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Will this Cycle take seven years like the Great

Recession Cycle?

The Commercial Real Estate (CRE) market operates in a cyclical pattern and is closely tied to the broader economy.  The Cycle consists of four distinct phases: Recovery, Expansion, Contraction, and Recession. Each phase presents unique challenges and opportunities for tenants, investors, developers, and Owner /Users

Recovery: Setting the Stage for Growth

The CRE market cycle typically begins with the Recovery phase. This phase is marked by an improving economy, leading to increased business activity and higher occupancy rates. As the economy gains traction, businesses expand their operations and hire more employees, driving up demand for commercial space. Consequently, landlords benefit from rising rental income and occupancy rates.

During the Recovery phase, asking rents and property sales prices start to climb. The improved market conditions attract new investors and developers eager to capitalize on the upward momentum. This boost in confidence encourages the construction of new properties, as developers anticipate securing tenants for their projects.

Expansion: A Time of Optimism and Growth

Following the Recovery phase, the market enters the Expansion phase, characterized by robust economic growth, low unemployment rates, and high consumer confidence. This phase is marked by an acceleration in demand and occupancy rates, leading to reduced vacancy levels. As a result, a wider range of investors and developers are drawn into the market.

During the Expansion phase, rental rates and property values continue to rise. With low interest rates and readily available financing options, investors and developers have the resources to fuel further growth. The market may even witness record property prices and peak annual sales velocity.

Contraction: Adapting to Changing Economic Conditions

As the market cycle progresses, the Expansion phase transitions into the Contraction phase. Economic indicators often signal a potential recession on the horizon. During this phase, interest rates begin to rise, causing demand to soften and vacancy rates to increase. Property sales prices stabilize, and transaction volumes decrease as cautious sentiment takes hold.

Asking rents may decline as businesses become more conservative, impacting the rental income for landlords. The slowdown in new construction reflects the market’s response to changing economic conditions. It’s a phase where adaptability becomes crucial for stakeholders, as they navigate the challenges brought about by shifting demand dynamics.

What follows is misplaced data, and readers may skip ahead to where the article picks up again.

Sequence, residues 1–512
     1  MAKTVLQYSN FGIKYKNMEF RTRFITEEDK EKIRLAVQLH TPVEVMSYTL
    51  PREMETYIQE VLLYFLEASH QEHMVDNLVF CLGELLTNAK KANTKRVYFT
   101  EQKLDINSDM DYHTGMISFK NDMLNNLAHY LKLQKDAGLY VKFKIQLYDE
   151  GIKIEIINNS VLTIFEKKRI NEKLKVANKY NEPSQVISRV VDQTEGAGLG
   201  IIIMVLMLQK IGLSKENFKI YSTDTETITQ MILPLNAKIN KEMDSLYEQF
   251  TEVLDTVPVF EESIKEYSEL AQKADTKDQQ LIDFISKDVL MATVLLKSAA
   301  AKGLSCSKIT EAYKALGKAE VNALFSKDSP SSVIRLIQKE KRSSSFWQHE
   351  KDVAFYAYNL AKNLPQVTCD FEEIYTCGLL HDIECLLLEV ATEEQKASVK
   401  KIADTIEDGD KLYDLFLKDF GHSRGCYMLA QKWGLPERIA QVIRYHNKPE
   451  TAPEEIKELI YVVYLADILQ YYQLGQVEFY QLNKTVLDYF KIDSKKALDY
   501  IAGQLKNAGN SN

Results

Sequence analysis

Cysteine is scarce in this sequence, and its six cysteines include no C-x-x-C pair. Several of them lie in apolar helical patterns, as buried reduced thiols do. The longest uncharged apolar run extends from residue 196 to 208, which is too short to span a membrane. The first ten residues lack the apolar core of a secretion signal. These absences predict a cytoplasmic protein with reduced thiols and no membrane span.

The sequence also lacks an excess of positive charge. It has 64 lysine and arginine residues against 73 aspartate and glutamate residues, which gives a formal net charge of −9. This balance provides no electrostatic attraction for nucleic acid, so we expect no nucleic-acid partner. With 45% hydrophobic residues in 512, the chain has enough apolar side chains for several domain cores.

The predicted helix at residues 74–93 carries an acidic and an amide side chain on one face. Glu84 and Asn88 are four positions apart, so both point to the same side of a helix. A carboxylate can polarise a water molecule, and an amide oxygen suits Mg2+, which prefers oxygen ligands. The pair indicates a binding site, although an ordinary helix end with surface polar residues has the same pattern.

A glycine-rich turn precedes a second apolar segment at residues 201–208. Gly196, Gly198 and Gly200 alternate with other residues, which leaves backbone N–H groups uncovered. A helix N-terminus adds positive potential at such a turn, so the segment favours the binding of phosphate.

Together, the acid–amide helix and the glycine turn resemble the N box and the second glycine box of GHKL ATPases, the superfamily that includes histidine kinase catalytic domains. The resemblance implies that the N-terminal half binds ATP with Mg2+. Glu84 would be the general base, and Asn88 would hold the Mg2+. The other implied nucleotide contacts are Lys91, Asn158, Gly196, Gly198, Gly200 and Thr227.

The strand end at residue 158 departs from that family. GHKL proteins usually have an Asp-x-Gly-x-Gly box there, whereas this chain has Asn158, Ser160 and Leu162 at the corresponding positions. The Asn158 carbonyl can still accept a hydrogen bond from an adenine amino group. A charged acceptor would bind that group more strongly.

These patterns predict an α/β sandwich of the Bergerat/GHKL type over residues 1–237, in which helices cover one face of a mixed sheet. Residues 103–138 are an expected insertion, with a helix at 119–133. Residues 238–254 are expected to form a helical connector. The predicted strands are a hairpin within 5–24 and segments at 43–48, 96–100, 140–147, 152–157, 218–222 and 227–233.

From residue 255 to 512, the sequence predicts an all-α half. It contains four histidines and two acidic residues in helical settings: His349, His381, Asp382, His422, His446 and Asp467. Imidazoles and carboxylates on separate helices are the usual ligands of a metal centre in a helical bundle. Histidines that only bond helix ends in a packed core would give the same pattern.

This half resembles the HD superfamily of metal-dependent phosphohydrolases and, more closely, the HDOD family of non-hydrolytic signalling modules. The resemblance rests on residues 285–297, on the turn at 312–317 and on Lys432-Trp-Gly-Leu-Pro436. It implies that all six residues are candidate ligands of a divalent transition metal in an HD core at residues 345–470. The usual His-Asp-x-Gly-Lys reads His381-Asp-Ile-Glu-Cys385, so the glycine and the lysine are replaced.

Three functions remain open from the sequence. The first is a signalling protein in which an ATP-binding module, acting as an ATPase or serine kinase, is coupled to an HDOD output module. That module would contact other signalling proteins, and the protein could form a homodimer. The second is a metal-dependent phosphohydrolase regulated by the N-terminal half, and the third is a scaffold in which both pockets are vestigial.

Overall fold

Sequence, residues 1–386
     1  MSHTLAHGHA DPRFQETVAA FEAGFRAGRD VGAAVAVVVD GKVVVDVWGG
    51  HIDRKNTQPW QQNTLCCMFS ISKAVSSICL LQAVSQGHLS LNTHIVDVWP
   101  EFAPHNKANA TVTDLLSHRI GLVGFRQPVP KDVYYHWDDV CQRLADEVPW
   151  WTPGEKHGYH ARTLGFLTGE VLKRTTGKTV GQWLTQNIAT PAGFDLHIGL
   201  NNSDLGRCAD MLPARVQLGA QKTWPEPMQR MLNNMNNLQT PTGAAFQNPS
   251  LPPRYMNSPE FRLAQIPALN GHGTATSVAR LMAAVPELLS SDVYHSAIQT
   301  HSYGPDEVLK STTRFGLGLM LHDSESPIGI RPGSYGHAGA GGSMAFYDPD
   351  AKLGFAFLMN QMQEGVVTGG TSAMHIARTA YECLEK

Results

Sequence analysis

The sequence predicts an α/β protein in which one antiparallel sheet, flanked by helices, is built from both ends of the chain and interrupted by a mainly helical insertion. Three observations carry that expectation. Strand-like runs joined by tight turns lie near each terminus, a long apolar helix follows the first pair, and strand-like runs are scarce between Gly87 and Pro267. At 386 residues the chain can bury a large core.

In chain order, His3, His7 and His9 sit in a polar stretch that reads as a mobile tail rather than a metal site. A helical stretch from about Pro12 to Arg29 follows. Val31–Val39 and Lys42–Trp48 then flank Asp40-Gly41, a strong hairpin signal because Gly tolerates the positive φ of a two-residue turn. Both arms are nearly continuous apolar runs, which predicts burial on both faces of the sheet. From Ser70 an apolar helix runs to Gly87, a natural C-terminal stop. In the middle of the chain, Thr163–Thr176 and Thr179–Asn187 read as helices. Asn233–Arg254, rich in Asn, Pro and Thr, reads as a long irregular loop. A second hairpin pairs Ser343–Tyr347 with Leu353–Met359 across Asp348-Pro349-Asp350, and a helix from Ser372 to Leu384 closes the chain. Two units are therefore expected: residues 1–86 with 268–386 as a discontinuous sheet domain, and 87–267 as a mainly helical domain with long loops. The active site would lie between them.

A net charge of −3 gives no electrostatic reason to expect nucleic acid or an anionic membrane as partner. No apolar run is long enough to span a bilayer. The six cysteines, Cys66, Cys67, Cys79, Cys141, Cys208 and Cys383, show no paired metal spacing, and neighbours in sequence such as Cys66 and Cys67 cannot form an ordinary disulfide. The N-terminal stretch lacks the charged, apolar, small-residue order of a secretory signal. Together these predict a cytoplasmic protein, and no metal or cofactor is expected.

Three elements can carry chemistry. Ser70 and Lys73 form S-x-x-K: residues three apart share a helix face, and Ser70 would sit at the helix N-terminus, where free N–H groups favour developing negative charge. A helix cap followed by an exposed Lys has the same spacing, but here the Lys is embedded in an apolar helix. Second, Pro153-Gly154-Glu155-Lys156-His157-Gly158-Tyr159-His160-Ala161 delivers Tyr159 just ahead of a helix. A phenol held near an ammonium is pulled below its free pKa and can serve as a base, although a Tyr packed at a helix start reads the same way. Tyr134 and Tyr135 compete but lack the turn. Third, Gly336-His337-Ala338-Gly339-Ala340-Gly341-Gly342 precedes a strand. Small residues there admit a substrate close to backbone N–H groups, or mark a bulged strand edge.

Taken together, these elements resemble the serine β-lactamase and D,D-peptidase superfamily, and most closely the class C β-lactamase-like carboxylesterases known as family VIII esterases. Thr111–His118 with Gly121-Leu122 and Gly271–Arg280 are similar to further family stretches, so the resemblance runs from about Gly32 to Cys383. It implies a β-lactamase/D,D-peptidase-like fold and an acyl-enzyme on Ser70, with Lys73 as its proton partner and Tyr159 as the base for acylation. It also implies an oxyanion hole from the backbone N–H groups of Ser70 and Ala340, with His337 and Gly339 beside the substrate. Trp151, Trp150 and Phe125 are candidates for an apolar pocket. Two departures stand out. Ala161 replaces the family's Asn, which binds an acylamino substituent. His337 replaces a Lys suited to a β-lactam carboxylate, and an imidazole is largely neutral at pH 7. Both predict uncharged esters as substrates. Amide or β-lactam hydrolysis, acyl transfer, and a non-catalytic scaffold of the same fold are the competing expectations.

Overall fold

Recession: Weathering Economic Storms

The Recession phase is the market’s lowest point, characterized by a significant downturn in economic activity. As the broader economy experiences a sharp decline, demand for commercial properties decreases drastically. Sales prices and rental rates continue to decrease, leading to higher vacancy rates across the market.

During this phase, new construction grinds to a halt as developers face reduced demand and uncertain economic prospects. Businesses scale back operations, affecting occupancy rates, and investors face a challenging environment. However, the Recession phase also sets the stage for a potential turnaround.

The Shifting Landscape: From Recession to Recovery

Shifts in the broader economy have a profound impact on the CRE market cycle. When the economy begins to recover, marked by declining interest rates, lower vacancy rates, increased transaction volumes, and a resurgence in new construction, the market enters the Recovery phase once again. This signals the end of the downturn and the start of a new cycle.

The key going forward is determining what phase we are in, are we at a transition point from expansion contraction and  what might we see over the  next few years.  Clark County of course feels the impacts of the National economy, but also seems to be experiencing a critical mass of commercial real estate activity that is keeping our market moving forward.

As we’ve mentioned before this is due to a strong state economy, forty-year national and international marketing efforts by the CREDC, Visit Vancouver, all out local Ports and Cities to attract visitors, and growing companies.


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